I have never much been afraid to face and confront the reasons why I developed mental illness. In fact, anger, confusion, and the feeling of having no control over my life have continued to motivate my need to deal with and accept my illness. After all, if I am unwilling to face the difficult truths of my life by actively challenging them and all the pain they cause, how can I ever hope to become better?
I recently had my first session in Experiential Therapy (EP), “…a role play method through which past, present and future issues can be resolved and when combined with more traditional modalities serves to elicit material from the unconscious that allows one to fill in perceptual, cognitive and emotional gaps. Material that has been out-of-vision can come to the surface where it can be worked through and seen in a new light. (It has a) unique ability to give voice to hidden wounds has…”. I am the first to admit, when my therapist introduced the concept of EP to me, it conjured “wacky” Freudian ideas (not that EP is Psychoanalytic in nature). I wondered how concepts like Empty Chair work (ECW) could possibly be adapted into my respect for Cognitive behavioral therapy (CBT). However, having a very sensible (she knew how silly I felt “talking to myself”), well-educated, and experienced therapist, I was able to participate in my first session with great success, allowing my walls against “wacky” therapies to lower themselves a bit, leaving myself open to the possibility that EP has value in my therapeutic journey.
To keep it simple and to scare away as few readers as possible (LOL), I will not describe the ECW in too much detail because…well, you WILL think it sounds quite reaching in terms of validity and value. Anyhoo…ECW allowed me to reconnect to a lot of the emotions I had as a child, the time in my life when I began developing the maladaptive schemas that I am now unlearning.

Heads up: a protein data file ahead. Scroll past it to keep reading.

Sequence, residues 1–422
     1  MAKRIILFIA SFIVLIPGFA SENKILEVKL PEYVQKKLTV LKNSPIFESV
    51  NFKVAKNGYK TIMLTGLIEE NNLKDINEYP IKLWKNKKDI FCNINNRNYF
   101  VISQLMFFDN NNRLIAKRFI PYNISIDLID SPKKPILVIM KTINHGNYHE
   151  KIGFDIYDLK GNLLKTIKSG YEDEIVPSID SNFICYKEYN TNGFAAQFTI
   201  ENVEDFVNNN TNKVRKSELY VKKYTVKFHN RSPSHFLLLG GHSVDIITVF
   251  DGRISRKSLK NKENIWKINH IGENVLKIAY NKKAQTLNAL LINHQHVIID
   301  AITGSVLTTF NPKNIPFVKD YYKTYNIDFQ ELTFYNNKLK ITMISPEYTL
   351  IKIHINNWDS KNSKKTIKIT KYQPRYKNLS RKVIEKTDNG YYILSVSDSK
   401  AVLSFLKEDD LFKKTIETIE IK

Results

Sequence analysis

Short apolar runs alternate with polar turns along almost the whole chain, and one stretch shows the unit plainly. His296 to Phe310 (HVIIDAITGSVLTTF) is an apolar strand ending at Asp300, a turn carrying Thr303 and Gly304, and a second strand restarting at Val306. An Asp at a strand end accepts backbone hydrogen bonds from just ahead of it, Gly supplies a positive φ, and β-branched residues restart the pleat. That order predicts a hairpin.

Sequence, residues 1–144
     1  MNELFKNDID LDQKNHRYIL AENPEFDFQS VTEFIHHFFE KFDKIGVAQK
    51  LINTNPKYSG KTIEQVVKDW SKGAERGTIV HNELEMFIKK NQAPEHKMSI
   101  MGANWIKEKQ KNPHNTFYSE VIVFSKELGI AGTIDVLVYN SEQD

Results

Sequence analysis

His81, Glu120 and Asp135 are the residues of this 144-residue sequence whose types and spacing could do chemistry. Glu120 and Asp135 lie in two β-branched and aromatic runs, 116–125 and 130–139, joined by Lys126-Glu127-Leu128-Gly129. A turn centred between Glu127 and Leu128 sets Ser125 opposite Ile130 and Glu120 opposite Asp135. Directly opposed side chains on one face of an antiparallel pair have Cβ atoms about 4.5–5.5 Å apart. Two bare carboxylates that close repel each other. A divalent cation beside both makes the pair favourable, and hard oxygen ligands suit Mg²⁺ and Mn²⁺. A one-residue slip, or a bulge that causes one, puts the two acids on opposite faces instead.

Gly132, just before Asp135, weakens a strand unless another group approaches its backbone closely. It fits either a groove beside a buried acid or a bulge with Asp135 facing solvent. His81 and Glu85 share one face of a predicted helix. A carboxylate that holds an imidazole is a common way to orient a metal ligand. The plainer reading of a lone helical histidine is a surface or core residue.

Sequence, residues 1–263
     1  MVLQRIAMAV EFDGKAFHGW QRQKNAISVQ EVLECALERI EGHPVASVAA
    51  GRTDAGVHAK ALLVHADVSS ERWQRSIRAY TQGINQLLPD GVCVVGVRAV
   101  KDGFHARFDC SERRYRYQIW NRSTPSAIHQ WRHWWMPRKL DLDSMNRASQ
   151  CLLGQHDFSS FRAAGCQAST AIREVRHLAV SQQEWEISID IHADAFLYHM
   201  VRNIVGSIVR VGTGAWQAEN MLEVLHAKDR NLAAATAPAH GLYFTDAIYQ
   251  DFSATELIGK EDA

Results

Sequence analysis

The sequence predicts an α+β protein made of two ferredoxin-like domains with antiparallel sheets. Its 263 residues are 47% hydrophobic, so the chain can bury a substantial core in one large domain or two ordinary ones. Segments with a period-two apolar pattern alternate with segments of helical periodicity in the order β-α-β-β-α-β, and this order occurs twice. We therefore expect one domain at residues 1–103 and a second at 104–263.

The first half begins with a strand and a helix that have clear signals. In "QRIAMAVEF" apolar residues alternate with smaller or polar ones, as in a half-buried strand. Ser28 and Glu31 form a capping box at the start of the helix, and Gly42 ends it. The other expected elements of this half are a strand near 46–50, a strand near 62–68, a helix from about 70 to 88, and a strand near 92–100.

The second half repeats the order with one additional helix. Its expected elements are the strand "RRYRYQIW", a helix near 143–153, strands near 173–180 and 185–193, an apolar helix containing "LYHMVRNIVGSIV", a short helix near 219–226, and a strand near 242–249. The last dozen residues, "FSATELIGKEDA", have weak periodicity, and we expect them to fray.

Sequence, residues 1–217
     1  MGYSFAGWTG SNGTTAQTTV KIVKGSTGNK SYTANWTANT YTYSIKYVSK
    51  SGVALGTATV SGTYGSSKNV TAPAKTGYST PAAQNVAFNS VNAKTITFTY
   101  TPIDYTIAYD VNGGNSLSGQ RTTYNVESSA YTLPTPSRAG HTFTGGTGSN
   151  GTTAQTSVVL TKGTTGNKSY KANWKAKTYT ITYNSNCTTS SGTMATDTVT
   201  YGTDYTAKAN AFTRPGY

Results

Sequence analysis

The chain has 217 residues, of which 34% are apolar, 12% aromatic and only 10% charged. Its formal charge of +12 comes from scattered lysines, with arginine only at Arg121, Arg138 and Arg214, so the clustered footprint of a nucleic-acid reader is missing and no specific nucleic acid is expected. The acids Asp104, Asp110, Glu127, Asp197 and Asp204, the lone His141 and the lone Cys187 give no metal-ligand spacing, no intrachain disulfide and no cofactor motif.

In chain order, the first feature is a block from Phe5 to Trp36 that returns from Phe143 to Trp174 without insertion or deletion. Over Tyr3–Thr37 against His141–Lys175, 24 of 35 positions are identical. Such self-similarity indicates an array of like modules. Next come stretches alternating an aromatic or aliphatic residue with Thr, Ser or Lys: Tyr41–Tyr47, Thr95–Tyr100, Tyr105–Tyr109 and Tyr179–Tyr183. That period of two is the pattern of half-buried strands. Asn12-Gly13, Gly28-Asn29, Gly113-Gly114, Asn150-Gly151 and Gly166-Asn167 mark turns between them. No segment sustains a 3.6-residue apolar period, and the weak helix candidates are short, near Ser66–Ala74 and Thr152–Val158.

I always knew I felt invalidated as a child but until this session, I never realized how deeply that invalidation had sunk itself into my everything. I came away from the session understanding that, as a child just trying to find her way through the world the best she could, I was quite often marginalized for simply being a child; my emotions were too childish, my coping abilities immature, and my capacity to understand anything…deficient. In other words, I was invalidated and belittled for not being an adult. (What a shock that I might be childish, immature, right? Geesh.)
I found myself crying for that little girl, the little girl who did not have the age and experience to give her the language to express how she felt and how very wrong adults were to criticize her for her youth. I felt sorry for her constant state of confusion, her continuous wondering as to why she never seemed to be able to please the village of adults around her. I was devastated when I realized how she internalized all that negative interaction into one question, “What is wrong with me?” I cried because she knew more about the world than adults ever gave her credit for, recognized how child-like adults actually were, and how amazingly strong she was to never stop trying to understand and improve her life.
I could have been very afraid to try a new-to-me “wacky” therapy.
I could have refused to face the emotions that came from it.
But had I run from those things, how could I ever hope to become better.
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